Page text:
Indeed, Vista appears to be over controlling--understatment.  Sadly, the masses (typical users) won't have a clue until it's too late.  What's galling is that Microsoft will have the power to neuter my (HDMI) hardware if they believe (even mistakenly) that I'm dorking around with the SDR encryption.  Feck'n-A !

BTW, Gutmann updates his paper every so often.  Consequently, the original link is disabled for a wee bit.
Cached Link:
My arse is aflamed:  This is bullocks!

Elimination of Open-source Hardware Support

In order to prevent the creation of hardware emulators of protected output devices, Vista requires a Hardware Functionality Scan (HFS) that can be used to uniquely fingerprint a hardware device to ensure that it's (probably) genuine. In order to do this, the driver on the host PC performs an operation in the hardware (for example rendering 3D content in a graphics card) that produces a result that's unique to that device type.

In order for this to work, the spec requires that the operational details of the device be kept confidential. Obviously anyone who knows enough about the workings of a device to operate it and to write a third-party driver for it (for example one for an open-source OS, or in general just any non-Windows OS) will also know enough to fake the HFS process. The only way to protect the HFS process therefore is to not release any technical details on the device beyond a minimum required for web site reviews and comparison with other products."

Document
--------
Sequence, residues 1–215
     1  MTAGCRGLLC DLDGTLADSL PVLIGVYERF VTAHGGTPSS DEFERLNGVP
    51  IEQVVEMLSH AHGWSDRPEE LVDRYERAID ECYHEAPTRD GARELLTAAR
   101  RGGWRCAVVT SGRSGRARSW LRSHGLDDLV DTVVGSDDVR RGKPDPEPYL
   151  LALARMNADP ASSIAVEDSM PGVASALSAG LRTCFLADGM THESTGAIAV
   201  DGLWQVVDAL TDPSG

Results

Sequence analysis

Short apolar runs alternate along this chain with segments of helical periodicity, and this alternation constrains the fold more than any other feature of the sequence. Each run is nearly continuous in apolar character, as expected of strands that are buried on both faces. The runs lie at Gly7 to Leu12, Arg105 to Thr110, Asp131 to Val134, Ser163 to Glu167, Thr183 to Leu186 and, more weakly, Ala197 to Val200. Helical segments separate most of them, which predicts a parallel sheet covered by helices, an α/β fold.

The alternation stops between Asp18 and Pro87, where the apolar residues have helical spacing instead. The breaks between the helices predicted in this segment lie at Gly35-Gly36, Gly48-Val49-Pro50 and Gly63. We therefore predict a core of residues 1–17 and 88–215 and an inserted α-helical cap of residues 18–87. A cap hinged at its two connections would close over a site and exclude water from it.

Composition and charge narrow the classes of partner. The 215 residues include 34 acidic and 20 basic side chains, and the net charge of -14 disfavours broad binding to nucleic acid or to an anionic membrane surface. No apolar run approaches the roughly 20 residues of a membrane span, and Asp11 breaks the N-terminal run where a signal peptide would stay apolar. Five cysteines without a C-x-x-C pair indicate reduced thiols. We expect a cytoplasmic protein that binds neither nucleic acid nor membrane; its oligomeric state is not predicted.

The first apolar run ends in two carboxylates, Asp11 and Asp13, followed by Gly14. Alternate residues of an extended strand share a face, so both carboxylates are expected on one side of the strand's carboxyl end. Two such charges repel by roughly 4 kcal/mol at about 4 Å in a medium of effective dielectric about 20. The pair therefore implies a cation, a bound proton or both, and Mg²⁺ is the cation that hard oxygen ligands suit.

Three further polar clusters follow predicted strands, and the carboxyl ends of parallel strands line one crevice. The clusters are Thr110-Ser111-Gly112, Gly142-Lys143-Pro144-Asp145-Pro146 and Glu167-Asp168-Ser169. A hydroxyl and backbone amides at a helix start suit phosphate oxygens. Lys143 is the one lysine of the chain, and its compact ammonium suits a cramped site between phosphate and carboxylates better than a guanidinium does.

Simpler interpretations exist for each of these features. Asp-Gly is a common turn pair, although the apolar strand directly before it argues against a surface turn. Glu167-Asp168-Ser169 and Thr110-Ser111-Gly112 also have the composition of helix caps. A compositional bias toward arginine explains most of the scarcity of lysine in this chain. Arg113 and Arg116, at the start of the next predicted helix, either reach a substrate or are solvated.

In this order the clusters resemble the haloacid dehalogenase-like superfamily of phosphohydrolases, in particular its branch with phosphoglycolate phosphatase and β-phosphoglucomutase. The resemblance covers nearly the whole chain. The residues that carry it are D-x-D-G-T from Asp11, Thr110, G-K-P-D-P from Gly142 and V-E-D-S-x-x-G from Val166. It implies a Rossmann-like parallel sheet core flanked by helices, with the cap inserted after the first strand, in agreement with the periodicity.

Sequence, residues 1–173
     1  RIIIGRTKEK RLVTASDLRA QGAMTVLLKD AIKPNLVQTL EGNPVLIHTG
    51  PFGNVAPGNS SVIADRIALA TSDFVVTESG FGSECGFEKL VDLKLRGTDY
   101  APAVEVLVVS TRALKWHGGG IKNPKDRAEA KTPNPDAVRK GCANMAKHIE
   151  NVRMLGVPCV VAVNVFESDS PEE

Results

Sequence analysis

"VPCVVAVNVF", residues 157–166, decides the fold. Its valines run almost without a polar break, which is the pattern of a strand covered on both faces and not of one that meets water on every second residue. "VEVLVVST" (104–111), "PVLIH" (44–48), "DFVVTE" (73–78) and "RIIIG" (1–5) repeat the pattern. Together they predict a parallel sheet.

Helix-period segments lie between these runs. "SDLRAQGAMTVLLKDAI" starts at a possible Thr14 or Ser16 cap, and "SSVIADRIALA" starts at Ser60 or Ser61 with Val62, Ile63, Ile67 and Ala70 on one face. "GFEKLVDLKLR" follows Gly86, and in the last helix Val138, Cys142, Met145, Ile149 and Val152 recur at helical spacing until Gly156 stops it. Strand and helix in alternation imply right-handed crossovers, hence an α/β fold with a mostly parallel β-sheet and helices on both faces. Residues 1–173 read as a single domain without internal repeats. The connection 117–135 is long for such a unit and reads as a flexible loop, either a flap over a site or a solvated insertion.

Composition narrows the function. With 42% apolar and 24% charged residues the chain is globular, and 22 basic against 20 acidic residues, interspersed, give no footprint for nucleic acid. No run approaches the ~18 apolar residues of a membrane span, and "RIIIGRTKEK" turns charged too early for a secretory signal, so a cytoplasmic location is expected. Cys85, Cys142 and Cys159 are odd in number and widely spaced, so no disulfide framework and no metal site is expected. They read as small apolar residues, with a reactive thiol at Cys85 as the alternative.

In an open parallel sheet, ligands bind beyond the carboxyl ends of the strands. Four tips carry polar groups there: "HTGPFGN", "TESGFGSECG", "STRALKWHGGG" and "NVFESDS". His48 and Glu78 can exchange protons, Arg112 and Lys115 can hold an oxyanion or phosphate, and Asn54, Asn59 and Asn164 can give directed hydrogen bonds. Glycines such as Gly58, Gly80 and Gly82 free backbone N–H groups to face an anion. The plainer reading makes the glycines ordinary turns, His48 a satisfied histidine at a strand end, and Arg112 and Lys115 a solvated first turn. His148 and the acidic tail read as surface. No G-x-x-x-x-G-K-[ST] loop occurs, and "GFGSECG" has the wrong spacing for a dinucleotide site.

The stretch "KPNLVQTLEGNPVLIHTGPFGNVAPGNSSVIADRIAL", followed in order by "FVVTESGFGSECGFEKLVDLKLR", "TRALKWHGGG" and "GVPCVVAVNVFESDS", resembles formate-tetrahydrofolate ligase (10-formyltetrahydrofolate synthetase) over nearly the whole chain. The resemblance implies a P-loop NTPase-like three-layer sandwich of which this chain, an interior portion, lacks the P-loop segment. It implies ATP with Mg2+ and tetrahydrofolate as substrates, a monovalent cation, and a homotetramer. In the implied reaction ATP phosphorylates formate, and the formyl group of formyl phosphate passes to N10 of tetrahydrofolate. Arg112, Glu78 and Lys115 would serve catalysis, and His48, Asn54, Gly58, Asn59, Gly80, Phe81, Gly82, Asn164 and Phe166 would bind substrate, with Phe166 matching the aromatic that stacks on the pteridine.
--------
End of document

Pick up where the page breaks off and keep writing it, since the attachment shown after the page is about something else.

As a tension breaker, Gutmann surreptitiously quotes a prophetic line from Star Wars:
"Perhaps Hollywood should heed the advice given in one of their most famous
productions: 'The more you tighten your grip, the more systems will slip
through your fingers'."

"If you're not prepared to be wrong, you'll never come up with anything
original."                           -- Sir Ken Robinson

On 1/16/07, Bruce H McIntosh <[log in to unmask]> wrote:
On Sat, 2007-01-13 at 18:21 -0500, Nong wrote:
> Oh, we have nothing to worry about? :-(

That is one of the most disturbing things I've read, and I've been in
this industry a LONG time.  There's enough stuff in there to get me to
categorically refuse to recommend/purchase/install Vista on any system
over which  I have any administrative control, and I'm less than halfway
through it.

Bruce H. McIntosh                            [log in to unmask]
Senior Network Engineer             
University of Florida CNS/Network Services   352-392-2061